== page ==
Well....maybe. When it's on a 24/7 loop on Rush Limbaugh and Fox News, it probably seems like an epidemic. I can see it raising a lot of hackles. But let's continue:

I'm sorry, I don't buy it. The Trump supporters and proto-Trump supporters I know are upset by things like having to listen to Spanish-language messages on customer service lines, not being able to call women "chicks" without someone frowning at them, and having to stop telling racist jokes at work. That's what "political correctness" is code for: having to worry about the sensitivities of people who were invisible or submissive not that very long ago.

If Cupp is right and I'm not, then let's all cooperate in convincing Republican politicians and conservative pundits to stop using the term "political correctness" and come right and and tell us what the beef is about. Is it really "trigger warning" requirements at scattered liberal arts colleges? Or is it this whole new world we're in where people have to question old habits? When Ben Carson calls inhibitions about torturing terrorism suspects "political correctness," it's pretty clear he's yet another apostle for the Church of the Day Before Yesterday, when America was never wrong and dissenters kept their mouths shut.

I could do with a little less speech policing from all sides, frankly. It gets a little tiresome sometimes. Still, the truth is that Ed is right: for the vast, vast majority of us, it leaves our lives entirely unaffected as long as you can avoid flat-out slurs against women, blacks, gays, Jews, and so forth. Really, that's about 99 percent of it. Is that really so hard?

Man Is the Irrational Animal

| Fri Aug. 28, 2015 1:55 PM EDT

Mark Kleiman points out that most of us need to hold more or less rational beliefs about our professional lives. "Even people whose stock-in-trade is deception—con artists, stockbrokers, lobbyists—have to observe the rules of arithmetic when it comes to totting up the take." But that's only half the story:

Most of the time, though, people aren’t at work, and much of what they think and talk about has little if any relevance to practical decisions in their own non-working lives. Freed of the need to think rationally, most people seem to prefer the alternative.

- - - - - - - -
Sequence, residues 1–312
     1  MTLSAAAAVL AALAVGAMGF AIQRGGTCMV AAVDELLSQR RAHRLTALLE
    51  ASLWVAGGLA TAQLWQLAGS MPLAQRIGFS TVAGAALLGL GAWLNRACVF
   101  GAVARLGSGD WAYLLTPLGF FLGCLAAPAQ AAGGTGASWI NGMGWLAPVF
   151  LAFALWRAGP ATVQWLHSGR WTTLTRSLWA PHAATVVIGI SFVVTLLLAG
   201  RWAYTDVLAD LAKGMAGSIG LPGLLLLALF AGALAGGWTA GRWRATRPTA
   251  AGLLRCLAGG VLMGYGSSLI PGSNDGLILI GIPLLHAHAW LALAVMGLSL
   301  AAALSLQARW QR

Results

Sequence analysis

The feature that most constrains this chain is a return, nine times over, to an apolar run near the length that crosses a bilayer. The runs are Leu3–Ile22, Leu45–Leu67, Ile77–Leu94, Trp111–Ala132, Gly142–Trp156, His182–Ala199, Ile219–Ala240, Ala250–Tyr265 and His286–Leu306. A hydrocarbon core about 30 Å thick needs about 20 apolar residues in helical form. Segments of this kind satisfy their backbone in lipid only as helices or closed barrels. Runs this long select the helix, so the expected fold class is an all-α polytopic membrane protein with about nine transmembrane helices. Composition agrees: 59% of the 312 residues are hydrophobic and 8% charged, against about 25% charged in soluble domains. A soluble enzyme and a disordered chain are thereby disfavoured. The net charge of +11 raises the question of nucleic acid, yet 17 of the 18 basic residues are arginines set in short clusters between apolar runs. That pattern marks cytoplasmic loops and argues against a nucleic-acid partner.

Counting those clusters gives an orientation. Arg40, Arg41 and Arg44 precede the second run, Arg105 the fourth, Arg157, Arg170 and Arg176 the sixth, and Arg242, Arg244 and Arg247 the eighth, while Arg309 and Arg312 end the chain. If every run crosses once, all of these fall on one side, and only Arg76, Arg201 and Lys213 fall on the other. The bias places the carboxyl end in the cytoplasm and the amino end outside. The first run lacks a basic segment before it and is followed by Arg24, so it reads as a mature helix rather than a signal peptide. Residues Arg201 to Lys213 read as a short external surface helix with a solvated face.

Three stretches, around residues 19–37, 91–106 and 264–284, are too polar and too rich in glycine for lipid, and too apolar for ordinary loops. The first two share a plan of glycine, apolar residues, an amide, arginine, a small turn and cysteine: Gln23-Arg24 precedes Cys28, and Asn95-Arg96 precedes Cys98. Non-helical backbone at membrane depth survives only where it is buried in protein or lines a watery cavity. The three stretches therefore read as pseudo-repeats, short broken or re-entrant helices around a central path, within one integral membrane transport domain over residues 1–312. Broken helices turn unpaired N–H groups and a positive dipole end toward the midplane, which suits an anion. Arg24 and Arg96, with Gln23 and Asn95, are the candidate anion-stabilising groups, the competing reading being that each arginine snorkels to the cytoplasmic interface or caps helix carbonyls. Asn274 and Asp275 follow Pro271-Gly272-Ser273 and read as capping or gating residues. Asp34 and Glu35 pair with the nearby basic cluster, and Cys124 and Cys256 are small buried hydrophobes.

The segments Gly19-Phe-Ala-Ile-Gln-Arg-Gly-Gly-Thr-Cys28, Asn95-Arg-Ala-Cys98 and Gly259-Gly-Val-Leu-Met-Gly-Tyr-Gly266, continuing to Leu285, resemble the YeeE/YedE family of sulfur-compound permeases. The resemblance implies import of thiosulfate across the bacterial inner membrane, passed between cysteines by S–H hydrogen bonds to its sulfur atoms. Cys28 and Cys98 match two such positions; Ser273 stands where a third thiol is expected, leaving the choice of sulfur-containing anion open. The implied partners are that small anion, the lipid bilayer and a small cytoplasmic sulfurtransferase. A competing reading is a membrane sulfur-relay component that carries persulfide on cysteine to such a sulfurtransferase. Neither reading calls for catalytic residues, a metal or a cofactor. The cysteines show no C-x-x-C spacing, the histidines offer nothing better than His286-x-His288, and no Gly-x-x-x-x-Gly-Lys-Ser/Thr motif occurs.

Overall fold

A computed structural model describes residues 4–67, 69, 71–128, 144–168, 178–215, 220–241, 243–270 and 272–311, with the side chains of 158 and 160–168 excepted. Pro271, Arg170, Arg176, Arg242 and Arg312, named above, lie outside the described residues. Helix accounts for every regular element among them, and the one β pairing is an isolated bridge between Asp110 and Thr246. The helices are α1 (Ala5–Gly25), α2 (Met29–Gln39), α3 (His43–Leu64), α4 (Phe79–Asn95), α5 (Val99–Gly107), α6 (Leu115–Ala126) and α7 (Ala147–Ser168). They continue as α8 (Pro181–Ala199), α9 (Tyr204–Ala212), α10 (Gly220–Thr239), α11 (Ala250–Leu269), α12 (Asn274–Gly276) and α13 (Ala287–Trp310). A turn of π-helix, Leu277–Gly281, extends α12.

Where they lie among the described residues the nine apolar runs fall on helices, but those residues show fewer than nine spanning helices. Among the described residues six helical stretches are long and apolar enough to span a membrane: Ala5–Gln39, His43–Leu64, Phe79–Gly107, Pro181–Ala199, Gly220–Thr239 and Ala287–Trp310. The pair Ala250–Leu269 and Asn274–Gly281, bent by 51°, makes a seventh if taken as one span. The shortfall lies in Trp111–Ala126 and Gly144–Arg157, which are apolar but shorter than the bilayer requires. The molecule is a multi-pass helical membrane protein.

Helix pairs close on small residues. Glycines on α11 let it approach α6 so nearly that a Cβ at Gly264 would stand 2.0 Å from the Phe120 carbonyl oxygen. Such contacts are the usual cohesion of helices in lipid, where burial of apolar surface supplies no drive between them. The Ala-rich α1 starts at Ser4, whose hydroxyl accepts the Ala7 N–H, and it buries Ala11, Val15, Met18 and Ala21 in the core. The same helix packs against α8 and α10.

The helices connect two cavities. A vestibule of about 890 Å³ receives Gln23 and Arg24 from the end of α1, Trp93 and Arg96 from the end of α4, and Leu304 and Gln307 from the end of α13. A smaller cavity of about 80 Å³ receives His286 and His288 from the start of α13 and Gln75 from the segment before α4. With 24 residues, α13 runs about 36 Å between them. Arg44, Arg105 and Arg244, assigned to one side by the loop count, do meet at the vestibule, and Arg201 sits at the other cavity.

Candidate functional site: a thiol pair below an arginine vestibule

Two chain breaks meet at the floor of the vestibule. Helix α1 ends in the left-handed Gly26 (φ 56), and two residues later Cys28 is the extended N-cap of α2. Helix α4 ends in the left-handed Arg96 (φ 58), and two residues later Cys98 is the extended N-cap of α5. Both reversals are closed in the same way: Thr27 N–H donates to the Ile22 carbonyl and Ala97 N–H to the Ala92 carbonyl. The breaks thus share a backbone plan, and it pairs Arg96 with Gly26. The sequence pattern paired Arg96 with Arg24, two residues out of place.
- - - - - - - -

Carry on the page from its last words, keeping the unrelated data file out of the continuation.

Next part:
Yep. This is why, say, it costs nothing to claim that evolution is nonsense and shouldn't be taught in schools. For the 99.9 percent of us who don't work in fields that require it, evolution doesn't affect our daily lives in any way at all. Believing or not believing is affinity politics and nothing more. This explains how Donald Trump gets away with being a buffoon:

The deepest mistake is to regard someone who acts as if he doesn’t give a damn whether anything he says is true, or consistent with what he said yesterday, as stupid....As far as I can tell, Donald Trump simply isn’t bothered by holding and expressing utterly inconsistent beliefs about immigration, or for that matter denying obvious facts in the face of the crowd that witnessed them. And it doesn’t much bother most of his voters, either....And if we deal with it by imagining that Trump, or Trump voters, are “stupid,” we’re going to make some very bad predictions.

We forgive a lot in people we like. Liberals forgive Hillary Clinton for her lawyerly and incompetent defense of her email practices. Trump fans forgive the fact that he makes no sense. But forgiveness is a virtue, right? I guess that makes Trump's supporters the most virtuous folks on the planet.

Sarah Palin: No Bible Verses for You!

| Fri Aug. 28, 2015 1:38 PM EDT

Great news! Sarah Palin will be interviewing Donald Trump at 10 p.m. Eastern on her brand new show, On Point, which started Monday and airs on the One America News network. It will be the greatest, classiest, rogue-iest interview ever!

Wait. What's that? You don't get OAN on your cable system? Me neither. Bummer. Maybe it'll be on Palin's Facebook page eventually.

What makes this whole thing a little weirder than even the normal Palin weirdness is that she announced her upcoming interview with a standard-issue blast on the lamestream media for asking Trump a gotcha question about his favorite Bible verse. "By the way," she writes, "even with my reading scripture everyday I wouldn't want to answer the guy's question either... it's none of his business; it IS personal." What makes this weird is that Palin has been happy to talk about this before. For example, in this interview:

In dealing with her daily challenges, Palin leans on the Bible verse that says, “God hasn’t given us a spirit of fear, but a spirit of power and might and a sound mind.”

That's 2 Timothy 1:7 (close enough, anyway), and Palin has mentioned it on other occasions too. It really does seem to be one of her favorites. So why is this suddenly so personal that she doesn't think anyone should have to talk about it? Are we now all keeping our favorite Bible verses a deeply held secret?

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It Turns Out That Those "Full and Unedited" Planned Parenthood Videos.... Aren't

| Fri Aug. 28, 2015 12:52 PM EDT

I gave up on the Planned Parenthood sting videos a long time ago. It's pretty obvious there was no criminal behavior unmasked, or even any unethical behavior.1 The claims of the producers never matched the reality of the videos, so I stopped watching when new ones came out.

But Sarah Kliff soldiered on! She not only watched them all, she watched the full, unedited versions. And she discovered something after reading a forensic analysis of the videos from Planned Parenthood: they aren't actually full and unedited. The folks who ran the sting claim that they did nothing more than edit out bathroom breaks, but Kliff isn't buying it:

Take the first example I wrote about here, the meeting with the Texas Planned Parenthood clinic where the tape appears to jump forward a half-hour. In that case, nobody suggests a bathroom break. There's no change in meeting; when the video jumps forward, they're still sitting in the exact same seats.